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A READER'S JOURNAL
Three Lectures on the Mystery Dramas
In Basel, Sept 1910 and Berlin, Oct 1910, GA#125
and Berlin, Dec 1911, GA# 127
Published by Anthroposophic Press in 1983
A Book Review by Bobby Matherne ©2006
Three Lectures on the Mystery Dramas
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What is the significance of Steiner's Mystery Dramas? This is a question that one might pose if one considered the dramas to be recondite and esoteric badinage, rather than deep and insightful looks into the destiny of the human soul. As with all of Steiner's lectures, his mystery dramas require study for their meanings to emerge. In this next passage, Steiner is talking about his Rosicrucian Mystery drama, The Portal of Initiation, in which he strove "in a variety of ways to bring to expression what is living in [the anthroposophical] movement."
[page 1] Please do not misunderstand me when I say that if people would exert themselves to some degree to read what is in it — not between the lines but right in the words themselves, though certainly in a spiritual sense — if people would exert themselves during the next few years to try to work with the drama, I would not have to give any more lectures for a long time. Much could be discovered in it that otherwise I would have to put forth as one or another theme in lectures.
Steiner, dead some eighty years, has no more lectures to give us at this time, so it would be wise for us to study carefully these mystery dramas which he claimed would preempt his need for further lectures. And yet, he must have sensed that we would need his help to approach his dramas and thus perceived the need for these lectures in which he explains these dramas "as a picture of human evolution in the development of a single person." Of a single person, not the general process of human evolution for every person. One cannot watch a play about a bus driver and expect that would be the story of every bus driver, for example. One cannot take a single story and project from it a theory of human development. If one were to become a bus driver, one would do it in one's own way, not the way Jackie Gleason did it in "The Honeymooners." Johannes Thomasius is the Jackie Gleason equivalent in Steiner's four mystery dramas.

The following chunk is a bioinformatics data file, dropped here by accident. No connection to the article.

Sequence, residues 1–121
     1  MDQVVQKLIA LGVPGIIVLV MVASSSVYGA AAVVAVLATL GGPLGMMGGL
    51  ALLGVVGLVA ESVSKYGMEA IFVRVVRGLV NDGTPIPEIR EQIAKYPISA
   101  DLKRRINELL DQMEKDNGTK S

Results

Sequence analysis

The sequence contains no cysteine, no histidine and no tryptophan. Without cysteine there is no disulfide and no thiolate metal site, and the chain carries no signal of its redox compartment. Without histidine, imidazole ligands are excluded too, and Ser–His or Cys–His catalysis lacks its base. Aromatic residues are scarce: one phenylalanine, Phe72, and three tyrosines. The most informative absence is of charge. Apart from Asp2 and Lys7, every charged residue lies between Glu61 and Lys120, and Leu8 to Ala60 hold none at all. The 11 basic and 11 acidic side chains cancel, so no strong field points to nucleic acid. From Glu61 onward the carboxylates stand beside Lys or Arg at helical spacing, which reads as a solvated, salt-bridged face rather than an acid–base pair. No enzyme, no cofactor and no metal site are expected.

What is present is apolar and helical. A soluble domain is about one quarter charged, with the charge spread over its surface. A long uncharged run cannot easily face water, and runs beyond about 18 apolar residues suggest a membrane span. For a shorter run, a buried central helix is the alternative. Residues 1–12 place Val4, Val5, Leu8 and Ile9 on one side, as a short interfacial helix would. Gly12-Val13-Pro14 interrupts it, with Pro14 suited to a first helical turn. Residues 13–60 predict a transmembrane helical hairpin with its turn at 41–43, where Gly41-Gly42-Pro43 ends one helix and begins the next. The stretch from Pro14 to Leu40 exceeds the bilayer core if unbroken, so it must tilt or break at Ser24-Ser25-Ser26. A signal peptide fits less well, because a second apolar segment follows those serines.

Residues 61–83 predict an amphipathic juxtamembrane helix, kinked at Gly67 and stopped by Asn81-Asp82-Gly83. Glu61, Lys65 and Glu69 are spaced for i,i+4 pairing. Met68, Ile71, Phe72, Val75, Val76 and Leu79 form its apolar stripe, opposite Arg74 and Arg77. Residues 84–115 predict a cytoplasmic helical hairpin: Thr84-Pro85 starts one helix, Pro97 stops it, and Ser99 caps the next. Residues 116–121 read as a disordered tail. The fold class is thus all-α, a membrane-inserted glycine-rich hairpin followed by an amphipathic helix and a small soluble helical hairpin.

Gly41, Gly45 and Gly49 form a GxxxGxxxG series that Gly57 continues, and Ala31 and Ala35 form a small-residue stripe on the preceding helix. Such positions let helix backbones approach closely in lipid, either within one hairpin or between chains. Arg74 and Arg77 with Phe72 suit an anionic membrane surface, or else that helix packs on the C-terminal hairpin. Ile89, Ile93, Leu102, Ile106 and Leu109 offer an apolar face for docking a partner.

[page 14] This Mystery Drama exists now as a picture of human evolution in the development of a single person. I want to emphasize that true feeling makes it impossible to throw a cloak of abstractions around oneself in order to present anthroposophy; every human soul is different from every other and, at its core, must be different, because each one undergoes the experience of his own development. For this reason, instruction to the many can provide only general directions. One can give the complete truth only by applying it to a single human soul, to a soul that reveals its human individuality in all its uniqueness. If, therefore, anyone should consider the figure of Johannes Thomasius in such a way as to transfer the specific description of that figure to general theories of human development, it would be absolutely incorrect. If he believed that he would experience exactly what Johannes Thomasius experienced, he would be quite mistaken. For while in the widest sense what Johannes Thomasius had to undergo is valid for everyone, in order to have the same specific experiences one would have to be Johannes Thomasius. Each person is a "Johannes Thomasius" in his own fashion.